A statement by the Maryknoll Office for Global Concerns after the 2016 U.S. presidential election.
The work of the Maryknoll Office for Global Concerns on peace is focused on identifying and eliminating the root causes of violence and conflict with a focus on specific regions, expressions of violence and areas of conflict affecting Maryknollers, and U.S. aggression and national security policy (e.g. war on terrorism and war in Iraq and Afghanistan).The nexus of violence and poverty is clear. Unless we dedicate ourselves to building true human security for all, nations – especially poor ones – will continue to fall victim to an unending cycle of economic, political and social violence.
Pax Christi International released a statement on the terror bombings in Brussels. Special thanks to Marie Adele Dennis, co-president of Pax Christi International and former director of Maryknoll Global Concerns.
On December 8, 2015, eleven faith groups who are members of the Faith Forum on Middle East Policy met with the U.S. Department of State.
March 2012 -- As the world prepares to mark the first anniversary of the tragic tsunami and nuclear accident in Japan, Maryknoll missioners convey their continued sympathy for all those directly impacted by the disaster, and present a new statement that expresses their deep reservations about the continued reliance on the use of nuclear power and the development of nuclear weapons.
Articles, alerts, events
This 10-page guide offers reflections, questions, prayers, and actions based on the Gospel readings and testimonies of Catholic peacemakers on Jesus' teachings about nonviolence.
In a recent letter to Congress, the Maryknoll Office for Global Concerns (MOGC) and 14 other Christian groups urged the U.S. to investigate possible human rights and weapon violations by the government of Israel.
The Maryknoll Office for Global Concern urges the U.S. Congress to denounce the Trump administration’s decision and to deny funding the move of the U.S. embassy from Tel Aviv to Jerusalem.
For the first time, Congress is considering a bill that bars the United States from financially supporting human rights abuses of Palestinian children by the Israeli military.
A Maryknoll missioner on the Korean peninsula demonstrates with his life a culture of encounter and dialogue as the way to dispel fears and build peaceful relationships.
Women are the largest group to be affected by violent conflict and yet often have the least participation in its resolution. At the same time, research shows that women are essential to the success of any peace process.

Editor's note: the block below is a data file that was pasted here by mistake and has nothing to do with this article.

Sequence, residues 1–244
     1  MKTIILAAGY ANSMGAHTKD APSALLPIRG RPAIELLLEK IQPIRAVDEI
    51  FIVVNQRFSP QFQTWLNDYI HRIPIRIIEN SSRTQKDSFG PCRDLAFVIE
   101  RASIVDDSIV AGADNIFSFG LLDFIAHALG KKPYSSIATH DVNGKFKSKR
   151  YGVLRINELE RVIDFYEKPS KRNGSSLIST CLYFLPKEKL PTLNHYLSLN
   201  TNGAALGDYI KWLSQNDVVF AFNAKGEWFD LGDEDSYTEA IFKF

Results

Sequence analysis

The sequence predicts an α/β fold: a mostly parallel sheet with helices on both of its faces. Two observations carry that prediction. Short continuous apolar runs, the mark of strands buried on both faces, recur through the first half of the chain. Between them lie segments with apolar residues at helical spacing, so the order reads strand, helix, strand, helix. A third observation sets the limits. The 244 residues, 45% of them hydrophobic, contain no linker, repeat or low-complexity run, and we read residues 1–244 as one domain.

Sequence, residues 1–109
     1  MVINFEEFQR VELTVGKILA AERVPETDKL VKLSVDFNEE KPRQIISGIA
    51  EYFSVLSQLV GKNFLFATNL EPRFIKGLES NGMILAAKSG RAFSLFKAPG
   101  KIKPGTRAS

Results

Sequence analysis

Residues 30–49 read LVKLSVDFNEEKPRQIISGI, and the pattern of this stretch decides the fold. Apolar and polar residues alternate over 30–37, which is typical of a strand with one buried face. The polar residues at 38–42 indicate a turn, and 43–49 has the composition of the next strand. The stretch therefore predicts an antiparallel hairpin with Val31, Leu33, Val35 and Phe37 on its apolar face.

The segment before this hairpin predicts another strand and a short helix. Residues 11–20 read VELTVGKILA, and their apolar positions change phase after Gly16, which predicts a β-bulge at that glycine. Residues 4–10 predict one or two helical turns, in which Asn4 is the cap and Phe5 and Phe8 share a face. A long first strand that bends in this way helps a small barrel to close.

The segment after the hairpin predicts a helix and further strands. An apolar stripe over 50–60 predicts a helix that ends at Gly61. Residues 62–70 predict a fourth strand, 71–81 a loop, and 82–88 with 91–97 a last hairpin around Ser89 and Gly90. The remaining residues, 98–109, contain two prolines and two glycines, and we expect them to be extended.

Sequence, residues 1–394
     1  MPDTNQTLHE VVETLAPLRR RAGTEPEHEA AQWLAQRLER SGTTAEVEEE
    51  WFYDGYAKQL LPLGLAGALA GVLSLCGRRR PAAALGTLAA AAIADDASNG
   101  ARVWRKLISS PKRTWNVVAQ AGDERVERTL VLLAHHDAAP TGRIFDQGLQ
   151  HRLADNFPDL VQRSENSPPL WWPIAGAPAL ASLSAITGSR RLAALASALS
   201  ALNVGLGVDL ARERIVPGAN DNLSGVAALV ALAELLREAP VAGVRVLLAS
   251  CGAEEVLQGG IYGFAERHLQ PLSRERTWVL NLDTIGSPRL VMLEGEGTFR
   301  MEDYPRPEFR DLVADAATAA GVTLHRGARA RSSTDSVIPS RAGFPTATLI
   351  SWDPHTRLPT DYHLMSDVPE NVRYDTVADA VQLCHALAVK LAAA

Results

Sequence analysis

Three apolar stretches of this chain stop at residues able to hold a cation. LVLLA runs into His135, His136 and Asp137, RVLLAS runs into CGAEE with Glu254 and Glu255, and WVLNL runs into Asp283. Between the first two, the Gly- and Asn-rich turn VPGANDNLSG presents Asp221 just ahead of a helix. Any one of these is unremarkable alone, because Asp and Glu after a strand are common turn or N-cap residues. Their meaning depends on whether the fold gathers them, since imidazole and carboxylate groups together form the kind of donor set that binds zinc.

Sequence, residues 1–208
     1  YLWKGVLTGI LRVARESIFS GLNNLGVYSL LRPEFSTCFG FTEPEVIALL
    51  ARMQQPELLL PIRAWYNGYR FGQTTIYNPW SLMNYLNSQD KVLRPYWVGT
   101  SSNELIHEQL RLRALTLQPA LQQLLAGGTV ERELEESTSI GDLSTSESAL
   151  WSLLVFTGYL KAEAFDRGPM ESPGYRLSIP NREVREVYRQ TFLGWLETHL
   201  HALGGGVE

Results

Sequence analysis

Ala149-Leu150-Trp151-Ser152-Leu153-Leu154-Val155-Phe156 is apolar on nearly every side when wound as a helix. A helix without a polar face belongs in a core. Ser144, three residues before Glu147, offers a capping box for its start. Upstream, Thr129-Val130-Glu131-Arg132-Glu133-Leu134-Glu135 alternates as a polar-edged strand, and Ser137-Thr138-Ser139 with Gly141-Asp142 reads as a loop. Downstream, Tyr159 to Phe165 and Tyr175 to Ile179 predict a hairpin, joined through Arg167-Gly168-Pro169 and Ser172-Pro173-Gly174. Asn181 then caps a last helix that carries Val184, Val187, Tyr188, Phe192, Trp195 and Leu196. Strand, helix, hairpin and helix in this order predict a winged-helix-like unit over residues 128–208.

Frustrated with the stalled peace process, tens of thousands of Palestinian and Israeli women marched for miles through the desert calling for a viable peace agreement.
The Trump administration has taken actions in recent months that have raised tensions over nuclear weapons with both Iran and North Korea. In both cases, diplomacy can be used to build trust and avoid military confrontation.
Under pressure from nuclear-armed nations that insist a world without nuclear weapons is not possible, a grassroots movement has achieved a UN nuclear ban treaty and a Nobel Peace Prize.
With ethnic cleansing and extreme violence in Africa, Asia, and the Middle East – and the threat of nuclear war looming on the Korean peninsula – we are looking more closely at the role of the Catholic Church in the work of active nonviolence.
Fr. John Sivalon, who worked as a missioner in East Africa, writes the reflection for Ash Wednesday.
Fr. Joe Towle writes this week's reflection, and shares some memories from his time as a missioner in Latin America.
This week's reflection is from Sr. Madeline Dorsey, who spent many years of her mission life in war-torn El Salvador.
Fr. Jack Northrup reflects on his ministry in Ciudad Juarez, Mexico: "The God of our Lord Jesus Christ is constantly drawing all of us to life, no matter what bleak prisons we may have made for ourselves. Because of God’s choice to constantly offer the free gift of grace to the most needy, we can wake from our sleep, from the illusions of happiness that this world offers. At this very moment we can choose life in its fullness."
Susan Weissert, who worked as a lay missioner for many years in South America and at the Maryknoll center in New York, asks: Can we look back on our actions/words/decisions today and see that they were shaped by love of God and love of neighbor?
The scripture reflection for July 22 is written by Sr. Rebecca Macugay, who writes of her native Philippines and her mission home in Namibia: "How do we shepherd each other in the paths of justice, in our communities and in our home, planet earth?"
This week's reflection is written by Sr. Euphrasia Nyaki, who lives and works in João Pessoa, Brazil.
- Churches for Middle East Peace
- CIDSE, an international alliance of Catholic development agencies working together for global justice
- Gapminder.org: For a fact-based world view
- JustFaith Ministries
- Maryknoll Fr. Gerard Hammond speaks on Korea reconciliation
- Pax Christi International
- Pax Christi USA
- Two million friends for peace in Afghanistan